Sunyer was a student at the School of Fine Arts in Barcelona together with Nonell, Mir, Canals and Torres García. He travelled to Paris in 1896, where he found work as an illustrator and befriended Picasso and other young avant-garde artists of the day. Leading artists who informed his style at the time included Toulouse-Lautrec, Daumier, Cézanne and Gauguin. Sunyer was especially influenced by Degas and Bonnard, artists who inspired him to execute a series of works of cabaret and Parisian street scenes.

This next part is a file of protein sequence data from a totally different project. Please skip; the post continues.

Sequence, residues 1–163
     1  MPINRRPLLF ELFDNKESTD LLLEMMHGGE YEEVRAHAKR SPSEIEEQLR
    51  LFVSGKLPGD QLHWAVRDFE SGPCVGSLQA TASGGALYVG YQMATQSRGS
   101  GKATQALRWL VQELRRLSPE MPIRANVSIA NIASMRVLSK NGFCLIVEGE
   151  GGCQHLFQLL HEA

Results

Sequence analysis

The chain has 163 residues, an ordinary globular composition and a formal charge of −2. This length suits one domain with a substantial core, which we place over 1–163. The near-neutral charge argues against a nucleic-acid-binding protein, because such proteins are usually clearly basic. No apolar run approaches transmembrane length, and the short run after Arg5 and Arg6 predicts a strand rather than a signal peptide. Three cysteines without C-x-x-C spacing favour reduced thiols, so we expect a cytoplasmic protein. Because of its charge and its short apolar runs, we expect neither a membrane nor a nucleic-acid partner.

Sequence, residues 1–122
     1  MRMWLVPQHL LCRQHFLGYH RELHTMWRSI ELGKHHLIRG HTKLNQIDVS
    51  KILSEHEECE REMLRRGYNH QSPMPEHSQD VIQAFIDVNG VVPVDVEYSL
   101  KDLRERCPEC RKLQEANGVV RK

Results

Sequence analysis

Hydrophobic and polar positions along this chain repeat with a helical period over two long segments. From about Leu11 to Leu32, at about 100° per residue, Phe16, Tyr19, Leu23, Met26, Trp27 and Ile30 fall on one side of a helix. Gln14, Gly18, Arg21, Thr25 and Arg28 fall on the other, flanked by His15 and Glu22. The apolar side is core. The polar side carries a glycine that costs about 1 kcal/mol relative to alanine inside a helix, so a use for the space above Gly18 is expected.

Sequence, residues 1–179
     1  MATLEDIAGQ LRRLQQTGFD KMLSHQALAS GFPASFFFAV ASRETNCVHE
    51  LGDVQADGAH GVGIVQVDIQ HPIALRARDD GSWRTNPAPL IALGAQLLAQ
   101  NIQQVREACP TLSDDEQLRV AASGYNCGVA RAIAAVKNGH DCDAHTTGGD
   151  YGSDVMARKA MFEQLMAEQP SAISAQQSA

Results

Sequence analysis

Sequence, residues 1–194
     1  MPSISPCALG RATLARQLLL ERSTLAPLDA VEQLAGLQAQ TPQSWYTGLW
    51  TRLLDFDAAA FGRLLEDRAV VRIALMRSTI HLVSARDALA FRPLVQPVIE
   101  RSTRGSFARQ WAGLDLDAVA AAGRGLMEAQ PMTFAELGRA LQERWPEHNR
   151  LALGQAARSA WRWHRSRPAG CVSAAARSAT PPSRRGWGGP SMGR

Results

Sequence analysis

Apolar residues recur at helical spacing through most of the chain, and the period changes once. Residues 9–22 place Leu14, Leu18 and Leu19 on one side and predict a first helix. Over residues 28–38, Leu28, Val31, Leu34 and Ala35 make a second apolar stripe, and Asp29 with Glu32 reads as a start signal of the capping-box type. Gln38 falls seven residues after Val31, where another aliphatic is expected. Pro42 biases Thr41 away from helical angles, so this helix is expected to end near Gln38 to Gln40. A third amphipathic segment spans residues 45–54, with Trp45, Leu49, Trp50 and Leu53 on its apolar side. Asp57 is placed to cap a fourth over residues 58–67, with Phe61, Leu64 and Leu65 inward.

By 1910 when he moved back to his native Sitges, his work had evolved into a lyrical Mediterranean classicism. Redolent of the work of Aristide Maillol whom he had known in Paris, this new departure in his work identified him as the most recognisable painter of Noucentism, the style that dominated Catalan art of this period. In 1912 Sunyer went to Céret in Provence to join Picasso, Braque, Gris, Max Jacob and Maillol. The fusion of new ideas stimulated by Cubism brought about stylistic changes in Sunyer's work, and from his colourful street and country scenes his compositions became more structural and monumental in style. During a trip to Italy in 1913, Sunyer was struck by the frescoes of Luca Signorelli in the Cathedral at Orvieto. These were to influence the artist's work by adding pure and volumetric forms in his paintings of nudes and landscapes, as in the present work.
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